China’s plans to upgrade its Beidou Navigation Satellite system
Recently, it was announced that China will launch another eleven satellites in 2018 to add to its third-generation Beidou Navigation Satellite System (BDS).
Launched in 1994, the Beidou project began to serve China in 2000. Since 2000, 33 satellites have been launched for the network. Beidou began serving users in the Asia-Pacific region in December 2012. It is the world’s fourth navigation satellite system, following GPS in the United States, GLONASS in Russia and Galileo in the European Union.
According to Mr Wang Li, Chairman of China Satellite Navigation System Committee, the country has already launched eight Beidou-3 satellites. The satellites will provide initial services for countries and regions along the Belt and Road by the end of the year.
Addressing the 9th China Satellite Navigation Conference in Harbin, capital of Northeast China’s Heilongjiang province, Mr Wang said the Beidou system is moving to become a global service provider after offering stable and reliable time and space information for clients in the Asia-Pacific region.
Compared to earlier generation satellites, the Beidou-3 is able to send signals that are more compatible with other satellite navigation systems and provide satellite-based augmentation, as well as search and rescue services in accordance with international standards. Its positioning accuracy has reached 2.5 to 5 meters.
Mr Wang also added that the Beidou system will also coordinate with other technologies, such as remote sensing, internet, big data and cloud computing, in the future.
Before year’s end, China plans to send 10 third-generation Beidou satellites to medium Earth orbit and another one to geostationary orbit.
In 2019 and 2020, China will send six third-generation Beidou satellites into medium Earth orbits, as well as three to inclined geosynchronous satellite orbits and two to geostationary orbits.
By 2020, the Beidou satellites will form a complete global satellite navigation system, with 35 satellites. It is the world’s fourth navigation satellite system, following GPS in the United States, GLONASS in Russia and Galileo in the European Union.
At the same time, it was also reported that accuracy of the Beidou system is improving.
According to Mr Ran Chengqi, Director of the China Satellite Navigation Office, at the 9th China Satellite Navigation Conference, eight orbiting satellites have formed the initial network of Beidou’s third-generation satellites.
Compared with second-generation satellites, the new model features clearer navigation signals, better stability and extra applications such as an intersatellite link and global emergency search capabilities.
At the conference, Mr Yang Changfeng, Beidou’s Chief Designer said that Beidou’s ground-based augmentation network is complete and is midway through a trial run. The network will enable Beidou to provide centimeter-level accuracy in navigation and positioning, he said.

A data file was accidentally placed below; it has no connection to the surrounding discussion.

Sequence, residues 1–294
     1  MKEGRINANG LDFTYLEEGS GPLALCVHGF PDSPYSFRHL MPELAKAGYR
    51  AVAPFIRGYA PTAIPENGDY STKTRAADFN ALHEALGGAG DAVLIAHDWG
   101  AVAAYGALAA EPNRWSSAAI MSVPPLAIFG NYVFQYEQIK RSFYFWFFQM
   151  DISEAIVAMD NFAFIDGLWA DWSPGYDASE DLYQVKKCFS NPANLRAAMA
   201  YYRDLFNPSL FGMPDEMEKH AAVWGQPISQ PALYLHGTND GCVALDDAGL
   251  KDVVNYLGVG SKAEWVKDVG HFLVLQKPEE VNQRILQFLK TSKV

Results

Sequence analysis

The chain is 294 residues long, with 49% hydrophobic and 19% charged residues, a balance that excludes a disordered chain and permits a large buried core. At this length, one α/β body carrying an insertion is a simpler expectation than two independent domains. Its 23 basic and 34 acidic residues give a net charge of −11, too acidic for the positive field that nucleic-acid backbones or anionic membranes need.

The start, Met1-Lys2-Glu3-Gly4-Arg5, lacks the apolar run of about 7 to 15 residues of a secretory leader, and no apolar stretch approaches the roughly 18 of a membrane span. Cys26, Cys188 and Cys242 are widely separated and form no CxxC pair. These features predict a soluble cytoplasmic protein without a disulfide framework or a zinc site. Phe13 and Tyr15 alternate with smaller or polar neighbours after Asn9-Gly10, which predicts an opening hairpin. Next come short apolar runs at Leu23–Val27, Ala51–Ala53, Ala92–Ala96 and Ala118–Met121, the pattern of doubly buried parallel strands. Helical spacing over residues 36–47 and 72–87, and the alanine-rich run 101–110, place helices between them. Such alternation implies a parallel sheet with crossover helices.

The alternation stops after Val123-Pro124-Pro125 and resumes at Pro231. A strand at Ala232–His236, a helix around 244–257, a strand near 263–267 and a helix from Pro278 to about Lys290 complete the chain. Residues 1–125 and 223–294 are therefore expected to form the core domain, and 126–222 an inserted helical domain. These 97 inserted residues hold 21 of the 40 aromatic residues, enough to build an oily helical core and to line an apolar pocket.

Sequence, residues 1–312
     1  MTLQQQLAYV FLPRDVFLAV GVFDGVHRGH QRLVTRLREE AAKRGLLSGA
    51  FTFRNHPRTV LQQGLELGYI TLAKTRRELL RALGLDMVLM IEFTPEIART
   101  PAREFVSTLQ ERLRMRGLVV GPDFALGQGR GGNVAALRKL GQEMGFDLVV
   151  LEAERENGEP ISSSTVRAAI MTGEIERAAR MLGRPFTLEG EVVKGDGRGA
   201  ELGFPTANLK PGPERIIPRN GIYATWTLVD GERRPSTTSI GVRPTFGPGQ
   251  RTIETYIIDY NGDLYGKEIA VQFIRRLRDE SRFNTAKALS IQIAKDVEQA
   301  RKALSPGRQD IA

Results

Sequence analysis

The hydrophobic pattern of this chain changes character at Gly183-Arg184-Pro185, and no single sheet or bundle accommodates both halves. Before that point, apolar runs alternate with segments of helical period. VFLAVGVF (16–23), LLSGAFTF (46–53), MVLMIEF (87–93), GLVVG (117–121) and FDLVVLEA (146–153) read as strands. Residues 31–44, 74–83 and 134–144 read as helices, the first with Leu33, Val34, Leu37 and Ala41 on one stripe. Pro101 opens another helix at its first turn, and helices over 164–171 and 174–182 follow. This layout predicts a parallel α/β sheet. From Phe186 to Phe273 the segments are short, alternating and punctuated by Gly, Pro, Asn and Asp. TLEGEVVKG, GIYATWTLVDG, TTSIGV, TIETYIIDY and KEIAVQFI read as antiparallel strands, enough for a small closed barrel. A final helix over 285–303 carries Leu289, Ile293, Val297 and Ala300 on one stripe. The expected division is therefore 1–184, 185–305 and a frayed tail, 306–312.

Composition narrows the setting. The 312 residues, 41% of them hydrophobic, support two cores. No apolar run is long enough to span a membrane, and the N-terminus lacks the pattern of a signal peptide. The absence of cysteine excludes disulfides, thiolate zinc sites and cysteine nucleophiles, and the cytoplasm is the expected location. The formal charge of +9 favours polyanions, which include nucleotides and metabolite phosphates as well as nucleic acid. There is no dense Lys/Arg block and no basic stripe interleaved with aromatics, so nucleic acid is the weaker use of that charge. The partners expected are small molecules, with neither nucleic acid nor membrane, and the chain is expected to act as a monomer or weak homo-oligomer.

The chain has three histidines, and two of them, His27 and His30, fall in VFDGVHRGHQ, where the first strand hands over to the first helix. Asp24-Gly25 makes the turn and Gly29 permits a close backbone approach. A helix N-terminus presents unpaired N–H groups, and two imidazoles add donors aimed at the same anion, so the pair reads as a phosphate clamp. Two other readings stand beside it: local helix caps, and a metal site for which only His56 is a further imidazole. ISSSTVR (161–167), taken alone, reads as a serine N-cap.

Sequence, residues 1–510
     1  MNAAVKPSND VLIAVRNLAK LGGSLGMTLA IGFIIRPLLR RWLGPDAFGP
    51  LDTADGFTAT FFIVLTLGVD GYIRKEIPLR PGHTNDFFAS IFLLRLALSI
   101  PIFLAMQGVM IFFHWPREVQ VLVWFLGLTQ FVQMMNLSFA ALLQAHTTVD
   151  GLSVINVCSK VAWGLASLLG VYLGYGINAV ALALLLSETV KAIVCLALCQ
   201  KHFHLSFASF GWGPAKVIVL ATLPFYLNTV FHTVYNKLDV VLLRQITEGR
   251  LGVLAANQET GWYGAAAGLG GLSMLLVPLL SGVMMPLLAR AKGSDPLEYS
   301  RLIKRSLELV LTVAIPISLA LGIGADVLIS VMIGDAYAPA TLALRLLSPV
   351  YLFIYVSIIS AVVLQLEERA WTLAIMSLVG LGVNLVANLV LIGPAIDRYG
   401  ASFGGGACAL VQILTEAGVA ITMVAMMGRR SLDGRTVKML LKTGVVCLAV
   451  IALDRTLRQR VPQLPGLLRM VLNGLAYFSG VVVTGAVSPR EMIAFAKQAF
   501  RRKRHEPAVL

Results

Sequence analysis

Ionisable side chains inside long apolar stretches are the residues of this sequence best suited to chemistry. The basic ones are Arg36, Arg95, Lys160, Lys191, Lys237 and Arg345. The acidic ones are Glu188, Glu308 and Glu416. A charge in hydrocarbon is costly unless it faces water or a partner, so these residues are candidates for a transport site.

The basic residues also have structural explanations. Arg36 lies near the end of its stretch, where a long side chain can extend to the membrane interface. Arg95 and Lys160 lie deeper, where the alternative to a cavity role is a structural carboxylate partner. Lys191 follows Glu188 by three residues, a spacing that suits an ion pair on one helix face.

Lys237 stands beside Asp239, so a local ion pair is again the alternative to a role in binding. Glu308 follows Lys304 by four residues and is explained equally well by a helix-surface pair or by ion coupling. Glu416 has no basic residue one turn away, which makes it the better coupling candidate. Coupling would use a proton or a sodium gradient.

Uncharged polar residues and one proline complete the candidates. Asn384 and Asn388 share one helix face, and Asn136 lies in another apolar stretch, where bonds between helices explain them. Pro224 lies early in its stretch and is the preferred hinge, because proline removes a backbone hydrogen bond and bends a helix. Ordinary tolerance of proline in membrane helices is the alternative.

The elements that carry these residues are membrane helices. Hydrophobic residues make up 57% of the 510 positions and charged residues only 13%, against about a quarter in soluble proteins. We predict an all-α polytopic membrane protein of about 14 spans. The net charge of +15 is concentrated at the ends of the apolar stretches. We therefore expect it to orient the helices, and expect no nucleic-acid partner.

Moving forward, China is planning to build high-precision positioning, navigation, and timing (PNT) system with Beidou system by 2035.
It was also reported that China has officially started piloting the certification of products and services connected to its Beidou Navigation Satellite System, according to reports by the Economic Information Daily.
Authorities say the certification work will promote the development of the satellite navigation industry in China. Certification work will first cover products such as chips, modules, antenna and receivers. This will eventually lead to a set of standards being developed for products connected to Beidou.
The Economic Information Daily report suggests the high-tech industry surrounding Beidou is developing rapidly. It says that there are roughly 14,000 companies working in connection with satellite navigation and services, and the total output of the sector is expected to break 300 billion yuan (around US$47 billion) this year.
Currently, the Beidou system is used for public security, transportation, fisheries, power supplies, forestry and disaster relief in China. Users of the system include 33,500 taxis and 21,000 buses in Beijing, and 40,000 fishing boats off the country’s coast are equipped with terminals of the Beidou system.
In last November, the Chinese Ministry of Transport also announced that the Beidou system joined a global rescue data network that collects and distributes data for search and rescue missions. Beidou is now a part of the International Cospas-Sarsat Program, a nonprofit, intergovernmental and humanitarian cooperative with 44 members.
The International Cospas-Sarsat Program is a satellite-based search and rescue distress alert detection and information distribution system best known for detecting and locating emergency beacons activated by aircraft, ships and hikers in distress.
The inclusion comes after a ministry delegation submitted the Chinese system’s technology and launch plan for search and rescue to the program during the 31st Cospas-Sarsat Council meeting in late October in Montreal, Canada.
“The move will enhance Beidou’s global capability to search for and rescue people in distress, showing China has carried out its responsibilities in global humanitarianism in accordance with international conventions,” Mr Wu Chungeng, a spokesman of the Ministry.
“It also supports Beidou’s global development, promoting the system’s international influence and power in the field of satellite navigation,” he added.